Climate, Health and Equity Brief
Refugees, rising costs and declining mental health
May 28, 2021
The Climate, Health & Equity Brief is GMMB’s take on the week’s news on the current impacts of climate change. If you haven’t subscribed yet, you can do so by clicking here.
Hot Topic: Rising costs. As the planet continues to warm, the costs of extreme weather and the impacts of climate change on human health are accelerating at an alarming pace. In 2020, 30.7 million people were displaced within their countries by climate-fueled extreme weather events. Climate refugees accounted for 75 percent of these migrations in 2020, displacing three times more people than conflict and violence. In addition to tens of millions of people seeing their homes and communities destroyed and being forced to rely on aid, temporary shelter and sheer resilience to survive, the migration is estimated to have cost economies approximately $20.5 billion in 2020 alone.
And climate-related health costs are just as mind-boggling. Two new studies out this week find that climate change and its impacts are causing notable increases in depression, anxiety, suicide and even stillbirths. Beyond these tragic outcomes, current estimates put the hard medical costs of climate change in the U.S. alone at $820 billion per year.
Here in the U.S., these impacts can increasingly be felt in national and state budgets. President Biden announced this week that he will double FEMA mitigation funding to $1 billion, earmarking funds to support states, territories, tribes and rural communities’ efforts to prepare for hurricanes, flooding, winter storms, extreme heat and wildfires.
In California, which is already in the midst of extreme drought and has been plagued by increasingly frequent, intense and deadly wildfires over the past several years, Governor Gavin Newsom asked state lawmakers to approve $1.2 billion to improve wildfire resilience. This would be a 16-fold increase over what the state budgeted for wildfire resilience last year, and more than double the funding currently set aside by California lawmakers.
— Matt & Traci, GMMB
According to a new report, nearly 31 million people worldwide were forced to migrate in 2020 due to climate change and extreme weather—more than triple the number of people displaced due to conflict and violence. (Aljazeera)
A new report highlights the numerous, worsening mental health impacts of climate change—including depression, anxiety and increased rates of suicide—and issued a call for climate action to improve mental health. (The Guardian)
A new report shows that the health costs of climate change in the U.S. exceed $820 billion per year, which includes $16 billion to treat the health effects of wildfire smoke and $7.9 billion to treat the health effects of smog. (Grist)
A recent report found that Olympic athletes could face serious climate-related health risks—including cognitive impairment and heat exhaustion—during this summer’s Olympic games in Tokyo, where annual average temperatures are increasing more than three times faster than the rest of the world. (CNN)
Despite a 2014 pledge to cut deforestation in half by 2020 signed by 100 countries and major corporations, a new report found that there has actually been a 50 percent increase in agricultural deforestation globally in the past seven years. (InsideClimate News)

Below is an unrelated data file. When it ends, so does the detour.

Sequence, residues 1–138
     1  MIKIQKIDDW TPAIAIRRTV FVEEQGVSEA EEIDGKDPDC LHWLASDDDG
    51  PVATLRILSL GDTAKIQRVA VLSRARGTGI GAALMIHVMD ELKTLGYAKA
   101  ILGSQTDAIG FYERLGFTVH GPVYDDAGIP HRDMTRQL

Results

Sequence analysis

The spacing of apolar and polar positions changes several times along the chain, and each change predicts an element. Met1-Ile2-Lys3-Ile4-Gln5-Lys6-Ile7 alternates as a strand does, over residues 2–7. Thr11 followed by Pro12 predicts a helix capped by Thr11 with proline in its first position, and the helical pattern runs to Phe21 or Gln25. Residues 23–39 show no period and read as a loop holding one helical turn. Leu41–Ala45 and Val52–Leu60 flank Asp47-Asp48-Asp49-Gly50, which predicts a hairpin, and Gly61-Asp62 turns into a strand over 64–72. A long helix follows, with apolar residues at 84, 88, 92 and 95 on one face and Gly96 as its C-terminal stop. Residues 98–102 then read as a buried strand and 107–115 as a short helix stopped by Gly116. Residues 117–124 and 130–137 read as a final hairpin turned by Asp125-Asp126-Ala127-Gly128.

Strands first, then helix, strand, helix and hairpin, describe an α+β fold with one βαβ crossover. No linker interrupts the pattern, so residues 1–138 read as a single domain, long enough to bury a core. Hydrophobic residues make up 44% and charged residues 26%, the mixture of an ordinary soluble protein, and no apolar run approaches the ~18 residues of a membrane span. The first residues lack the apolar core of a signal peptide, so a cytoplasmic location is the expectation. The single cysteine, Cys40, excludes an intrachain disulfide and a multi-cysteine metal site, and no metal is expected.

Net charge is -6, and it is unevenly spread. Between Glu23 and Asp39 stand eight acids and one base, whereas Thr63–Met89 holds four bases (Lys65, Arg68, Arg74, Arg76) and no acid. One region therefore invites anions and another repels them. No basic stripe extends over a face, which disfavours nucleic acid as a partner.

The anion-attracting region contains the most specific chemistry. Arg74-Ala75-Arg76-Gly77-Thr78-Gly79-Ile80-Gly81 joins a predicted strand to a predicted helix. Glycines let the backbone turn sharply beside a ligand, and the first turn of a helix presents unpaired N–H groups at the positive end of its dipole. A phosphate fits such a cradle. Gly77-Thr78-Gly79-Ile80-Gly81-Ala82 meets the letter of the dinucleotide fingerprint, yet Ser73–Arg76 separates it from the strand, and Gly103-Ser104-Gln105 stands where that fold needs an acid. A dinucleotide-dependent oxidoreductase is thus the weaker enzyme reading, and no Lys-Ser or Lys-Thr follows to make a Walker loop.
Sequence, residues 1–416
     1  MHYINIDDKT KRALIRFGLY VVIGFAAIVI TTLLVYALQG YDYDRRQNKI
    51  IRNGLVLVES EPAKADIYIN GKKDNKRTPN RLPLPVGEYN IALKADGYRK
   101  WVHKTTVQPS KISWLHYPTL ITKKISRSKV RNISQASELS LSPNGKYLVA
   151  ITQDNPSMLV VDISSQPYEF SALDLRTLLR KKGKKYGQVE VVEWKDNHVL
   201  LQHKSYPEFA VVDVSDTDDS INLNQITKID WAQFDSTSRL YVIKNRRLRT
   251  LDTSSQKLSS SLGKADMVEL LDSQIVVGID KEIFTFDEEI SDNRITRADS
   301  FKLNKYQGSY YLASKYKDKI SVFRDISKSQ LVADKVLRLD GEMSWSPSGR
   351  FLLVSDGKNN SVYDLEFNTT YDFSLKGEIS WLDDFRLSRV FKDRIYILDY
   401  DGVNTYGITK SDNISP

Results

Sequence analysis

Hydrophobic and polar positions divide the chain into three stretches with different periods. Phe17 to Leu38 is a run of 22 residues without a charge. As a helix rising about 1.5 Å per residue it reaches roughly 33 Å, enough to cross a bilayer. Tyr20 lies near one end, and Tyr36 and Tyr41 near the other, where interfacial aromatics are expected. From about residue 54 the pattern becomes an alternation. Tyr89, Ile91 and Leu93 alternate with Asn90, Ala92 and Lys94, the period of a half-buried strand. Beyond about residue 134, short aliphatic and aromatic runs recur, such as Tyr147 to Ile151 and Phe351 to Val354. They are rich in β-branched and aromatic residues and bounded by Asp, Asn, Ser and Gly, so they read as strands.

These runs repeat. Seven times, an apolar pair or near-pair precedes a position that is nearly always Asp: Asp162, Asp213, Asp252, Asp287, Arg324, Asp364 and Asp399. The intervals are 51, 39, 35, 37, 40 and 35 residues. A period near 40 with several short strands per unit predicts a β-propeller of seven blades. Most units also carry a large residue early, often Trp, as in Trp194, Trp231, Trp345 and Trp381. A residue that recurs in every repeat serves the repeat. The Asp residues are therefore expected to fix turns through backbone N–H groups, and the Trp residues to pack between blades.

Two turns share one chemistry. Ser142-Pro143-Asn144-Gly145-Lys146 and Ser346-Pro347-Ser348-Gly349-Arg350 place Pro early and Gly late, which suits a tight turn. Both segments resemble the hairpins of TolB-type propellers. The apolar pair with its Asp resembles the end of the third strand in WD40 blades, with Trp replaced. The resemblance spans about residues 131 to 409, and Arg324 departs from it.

“The costs of inaction far outweigh the costs of action.”
– David Miliband, Secretary of State for the Environment
A new study in the journal Nature revealed that due to a history of redlining and discriminatory access to green spaces, Black residents in 169 of America’s largest urban areas bear a disproportionate burden of heat stress compared to white residents. (BBC)
Politics & Economy
Despite two thirds of Americans believing that climate change poses an urgent threat, only one third support completely phasing out fossil fuels, according to a new survey conducted by the Pew Research Center. (The Verge)
President Biden announced that the government will double funding for FEMA’s Building Resilient Infrastructure and Communities program—which helps communities prepare for natural disasters—to one billion dollars, as climate change exacerbates extreme weather events and their financial impact. (ABC News)
This year, California will increase wildfire prevention spending 16-fold to $1.2 billion in preparation for a severely destructive wildfire season, much of which will go to thinning overly dense forests, as climate change greatly exacerbates wildfires in the state. (Grist)
A new study found that the percentage of clean energy jobs in the UK’s offshore energy industry—already the largest in the world—will increase from 20 to 65 percent of offshore energy jobs by 2030. (The Guardian)
Auto giant Ford Motors announced plans to increase its spending on electric vehicles to more than $30 billion and make 40 percent of its volume all-electric by 2030. (CNBC)
Exxon and Chevron shareholders moved against company management by voting two activist investors who favor renewable energy onto the Exxon board and voting to force Chevron to cut emissions that come from burning Chevron products. (Earther Gizmodo)
Denver plans to construct a billion-dollar art and culture site that will be entirely powered by heat-recovered energy from sewers, which will save the city a carbon equivalent of driving an average gas car around the equator 250 times. (NPR)
Curious about just how hot the U.S. will get due to climate change? Check out this interactive map to see how your state is projected to fare.